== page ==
Do you keep mementos of your childhood around?
Show notes and links:
Full episode script
In episode 248 about keeping mementos of relationships around, there was quite a bit of very crunchy and useful information about why we enjoy holding on to mementos, and how our brains use those physical objects to trigger our memories — both good and bad.
For kids and parents, holding on to those items gets to be an even more interesting question. A New York Times Learning blog article shows a lot of the controversy when it comes to childhood mementos, especially for young adults. The author of the blog, attempting to clean out the house for sale and moving, went into the rooms of her daughters who were away at college or living in their own small apartments…
And started throwing things away. Without asking.
As she put it:
“But someday she’ll thank me. After cleaning out the bedrooms of my two oldest daughters, I realized I was doing them a favor. Just as my mother did for me. It can be hard to do it yourself, difficult to part with the physical reminders of the person you used to be, even if those items are math binders that date from sixth grade, a collection of cow statues that no one has paid attention to in 10 years and a pair of yellowed movie ticket stubs from “Toy Story.””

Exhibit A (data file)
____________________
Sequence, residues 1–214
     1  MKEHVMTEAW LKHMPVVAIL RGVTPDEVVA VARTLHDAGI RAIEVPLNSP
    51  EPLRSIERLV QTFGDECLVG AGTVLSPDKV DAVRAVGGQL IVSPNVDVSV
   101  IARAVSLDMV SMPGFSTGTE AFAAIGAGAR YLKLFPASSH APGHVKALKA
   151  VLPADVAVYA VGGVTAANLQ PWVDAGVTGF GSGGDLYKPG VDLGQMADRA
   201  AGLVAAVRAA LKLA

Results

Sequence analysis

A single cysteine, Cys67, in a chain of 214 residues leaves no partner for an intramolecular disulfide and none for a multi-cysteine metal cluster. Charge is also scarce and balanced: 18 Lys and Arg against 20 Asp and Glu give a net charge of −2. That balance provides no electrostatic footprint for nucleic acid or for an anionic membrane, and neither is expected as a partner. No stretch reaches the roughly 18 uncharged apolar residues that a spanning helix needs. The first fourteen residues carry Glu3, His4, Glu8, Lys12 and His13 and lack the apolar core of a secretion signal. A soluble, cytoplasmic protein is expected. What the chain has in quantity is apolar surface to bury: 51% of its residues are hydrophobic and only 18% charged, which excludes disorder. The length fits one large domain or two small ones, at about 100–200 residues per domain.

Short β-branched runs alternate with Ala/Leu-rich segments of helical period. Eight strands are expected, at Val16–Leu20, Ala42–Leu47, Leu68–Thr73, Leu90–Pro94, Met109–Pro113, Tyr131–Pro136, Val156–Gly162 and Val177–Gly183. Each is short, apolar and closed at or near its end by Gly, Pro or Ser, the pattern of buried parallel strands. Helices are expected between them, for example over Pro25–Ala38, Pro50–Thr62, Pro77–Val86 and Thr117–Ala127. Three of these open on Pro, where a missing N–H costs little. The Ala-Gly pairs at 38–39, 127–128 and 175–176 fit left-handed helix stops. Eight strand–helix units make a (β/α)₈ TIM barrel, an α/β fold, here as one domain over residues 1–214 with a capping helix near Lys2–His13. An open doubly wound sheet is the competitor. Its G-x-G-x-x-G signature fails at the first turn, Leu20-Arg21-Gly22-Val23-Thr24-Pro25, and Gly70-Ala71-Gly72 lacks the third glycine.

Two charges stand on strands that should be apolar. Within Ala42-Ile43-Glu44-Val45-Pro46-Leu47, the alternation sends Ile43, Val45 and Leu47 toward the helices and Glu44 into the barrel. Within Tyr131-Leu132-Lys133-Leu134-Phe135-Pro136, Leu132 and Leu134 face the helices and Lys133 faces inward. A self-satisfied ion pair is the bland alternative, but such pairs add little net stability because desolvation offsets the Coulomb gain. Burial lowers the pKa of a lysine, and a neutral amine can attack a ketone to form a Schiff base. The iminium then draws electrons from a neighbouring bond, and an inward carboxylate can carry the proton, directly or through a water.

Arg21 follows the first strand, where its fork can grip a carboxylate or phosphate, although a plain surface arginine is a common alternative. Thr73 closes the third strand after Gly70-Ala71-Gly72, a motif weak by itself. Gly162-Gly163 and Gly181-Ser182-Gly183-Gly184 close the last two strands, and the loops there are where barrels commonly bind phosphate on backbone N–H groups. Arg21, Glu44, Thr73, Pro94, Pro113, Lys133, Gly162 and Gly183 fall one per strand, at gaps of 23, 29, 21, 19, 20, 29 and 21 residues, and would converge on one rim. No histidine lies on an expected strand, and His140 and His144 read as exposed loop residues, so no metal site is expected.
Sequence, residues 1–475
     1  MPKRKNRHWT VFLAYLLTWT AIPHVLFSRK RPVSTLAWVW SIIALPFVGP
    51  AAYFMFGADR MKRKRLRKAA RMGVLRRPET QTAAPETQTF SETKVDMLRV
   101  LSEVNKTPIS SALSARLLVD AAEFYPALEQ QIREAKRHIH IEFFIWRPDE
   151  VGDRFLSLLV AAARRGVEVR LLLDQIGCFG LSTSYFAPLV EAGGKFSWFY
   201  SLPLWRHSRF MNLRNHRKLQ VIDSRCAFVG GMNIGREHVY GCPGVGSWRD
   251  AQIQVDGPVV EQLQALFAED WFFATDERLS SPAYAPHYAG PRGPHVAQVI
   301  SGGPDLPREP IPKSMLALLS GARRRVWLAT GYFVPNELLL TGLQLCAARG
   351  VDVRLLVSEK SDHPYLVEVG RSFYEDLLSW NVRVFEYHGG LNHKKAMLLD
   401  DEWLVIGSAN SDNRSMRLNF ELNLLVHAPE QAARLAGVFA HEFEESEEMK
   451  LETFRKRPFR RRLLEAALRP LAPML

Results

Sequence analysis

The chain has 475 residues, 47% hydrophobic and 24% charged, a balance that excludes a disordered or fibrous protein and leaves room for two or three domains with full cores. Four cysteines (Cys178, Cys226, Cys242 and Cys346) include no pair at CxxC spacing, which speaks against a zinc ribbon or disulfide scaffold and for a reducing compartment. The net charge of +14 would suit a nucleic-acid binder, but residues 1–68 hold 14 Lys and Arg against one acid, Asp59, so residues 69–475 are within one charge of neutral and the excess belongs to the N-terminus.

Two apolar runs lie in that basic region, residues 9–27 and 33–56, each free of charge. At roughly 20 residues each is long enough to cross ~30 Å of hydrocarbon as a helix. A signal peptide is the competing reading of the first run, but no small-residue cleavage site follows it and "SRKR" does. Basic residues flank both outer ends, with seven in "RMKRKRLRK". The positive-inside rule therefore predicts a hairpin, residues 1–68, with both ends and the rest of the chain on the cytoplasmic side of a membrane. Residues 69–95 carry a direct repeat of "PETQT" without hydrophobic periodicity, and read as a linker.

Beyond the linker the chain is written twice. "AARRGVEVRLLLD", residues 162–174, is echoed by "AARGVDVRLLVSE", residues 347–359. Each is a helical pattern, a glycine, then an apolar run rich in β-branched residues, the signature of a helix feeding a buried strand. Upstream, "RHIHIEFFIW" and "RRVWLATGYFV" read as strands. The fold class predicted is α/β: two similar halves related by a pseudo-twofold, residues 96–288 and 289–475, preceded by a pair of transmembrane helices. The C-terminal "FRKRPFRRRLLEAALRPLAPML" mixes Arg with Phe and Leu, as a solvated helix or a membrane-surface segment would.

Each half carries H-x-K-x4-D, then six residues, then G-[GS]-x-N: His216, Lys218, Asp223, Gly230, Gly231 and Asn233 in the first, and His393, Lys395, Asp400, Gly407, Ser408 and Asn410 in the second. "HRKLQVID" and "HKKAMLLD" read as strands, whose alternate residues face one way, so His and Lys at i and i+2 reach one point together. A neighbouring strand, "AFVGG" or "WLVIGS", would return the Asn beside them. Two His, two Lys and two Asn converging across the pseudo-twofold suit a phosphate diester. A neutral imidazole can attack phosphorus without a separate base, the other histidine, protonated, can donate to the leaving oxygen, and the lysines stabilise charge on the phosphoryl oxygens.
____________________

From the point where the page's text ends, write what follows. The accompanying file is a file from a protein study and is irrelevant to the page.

It’s also a question that minimalist blogs and de-cluttering advocates bring up — a lot. After all, many mementos can also be seen as “stuff” that just takes up space for no useful reason other than memory.
The author of Smallnotebook.org, Rachel, wrote:
“I’ve lived in an apartment my entire adult life, and I wasn’t ready to receive the big storage boxes of keepsakes my mom saved. It’s “out of sight, out of mind” when it’s at your house, and most grown kids will be satisfied to leave their stuff at your house for as long as you’ll let them. Or maybe they want it, but not yet. Either way, it’s delayed decisions. It’s difficult to know what will hold sentimental value to another person, so the best thing to do is sort through it with their help. Just be careful to stay focused so that you don’t end up reminiscing and then putting it all back in the boxes when you’re done.”
A big part of it, possibly, comes down to the value of history and the emotional connection we have to having an actual item, as opposed to a reminder of the item. It’s a question philosophers have long asked about the nature of “authenticity” of physical objects… and perhaps just a little bit of the semi-magical power created by ownership and memory and time.
Please note: This episode script may vary slightly from the actual episode transcript